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Progress toward pharmacotherapies for cannabis-use disorder: an evidence-based review

Authors Copeland J, Pokorski I

Received 7 December 2015

Accepted for publication 10 February 2016

Published 3 May 2016 Volume 2016:7 Pages 41—53


Checked for plagiarism Yes

Review by Single-blind

Peer reviewers approved by Dr Colin Mak

Peer reviewer comments 2

Editor who approved publication: Professor Li-Tzy Wu

Video abstract presented by Izabella Pokorski.

Views: 221

Jan Copeland, Izabella Pokorski

UNSW Medicine, University of New South Wales, Sydney, NSW, Australia

Abstract: Cannabis is the most widely used and variably regulated drug in the world, with increasing trends of use being reported in the US, Australia, Asia, and Africa. Evidence has shown a decrease in the age of commencement of cannabis use in some developed countries and a prolongation of risk of initiation to cannabis use beyond adolescence among more recent users. Cannabis use is associated with numerous health risks and long-term morbidity, as well as risk of developing cannabis-use disorders. Cannabis users infrequently seek professional treatment, and normally do so after a decade of use. Cannabis-use disorders are currently treated using a selection of psychosocial interventions. Severity of withdrawal is a factor that increases the risk of relapse, and is the target of pharmacotherapy studies. Currently, there is no approved pharmacotherapy for cannabis-use disorders. A number of approaches have been examined, and trials are continuing to find a safe and effective medication with little abuse liability.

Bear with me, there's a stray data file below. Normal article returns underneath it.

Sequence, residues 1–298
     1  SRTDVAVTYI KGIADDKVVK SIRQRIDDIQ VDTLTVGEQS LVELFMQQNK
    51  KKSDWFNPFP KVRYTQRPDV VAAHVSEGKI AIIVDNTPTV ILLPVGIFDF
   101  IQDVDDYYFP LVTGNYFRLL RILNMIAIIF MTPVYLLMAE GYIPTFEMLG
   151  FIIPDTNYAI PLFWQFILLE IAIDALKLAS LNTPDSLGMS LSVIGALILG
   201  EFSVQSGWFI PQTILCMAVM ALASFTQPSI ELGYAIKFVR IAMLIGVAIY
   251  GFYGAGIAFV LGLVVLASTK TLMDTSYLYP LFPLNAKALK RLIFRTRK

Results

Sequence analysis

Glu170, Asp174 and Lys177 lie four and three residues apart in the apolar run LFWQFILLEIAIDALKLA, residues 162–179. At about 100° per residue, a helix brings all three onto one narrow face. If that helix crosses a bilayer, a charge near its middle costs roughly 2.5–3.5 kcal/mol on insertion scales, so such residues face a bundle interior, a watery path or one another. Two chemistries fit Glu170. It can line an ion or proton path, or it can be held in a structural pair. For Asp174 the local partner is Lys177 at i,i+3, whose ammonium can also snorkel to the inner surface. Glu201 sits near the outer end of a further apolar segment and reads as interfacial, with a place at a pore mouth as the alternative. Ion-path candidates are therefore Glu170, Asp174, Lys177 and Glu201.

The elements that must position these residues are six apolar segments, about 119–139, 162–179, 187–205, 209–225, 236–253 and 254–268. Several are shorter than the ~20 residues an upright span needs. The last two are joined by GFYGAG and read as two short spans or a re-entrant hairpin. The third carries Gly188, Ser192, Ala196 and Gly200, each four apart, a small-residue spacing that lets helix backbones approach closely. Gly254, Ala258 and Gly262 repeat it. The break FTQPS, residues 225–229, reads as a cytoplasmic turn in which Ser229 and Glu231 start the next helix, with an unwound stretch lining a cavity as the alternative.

Keywords: marijuana, treatment, intervention, withdrawal, cannabinoid

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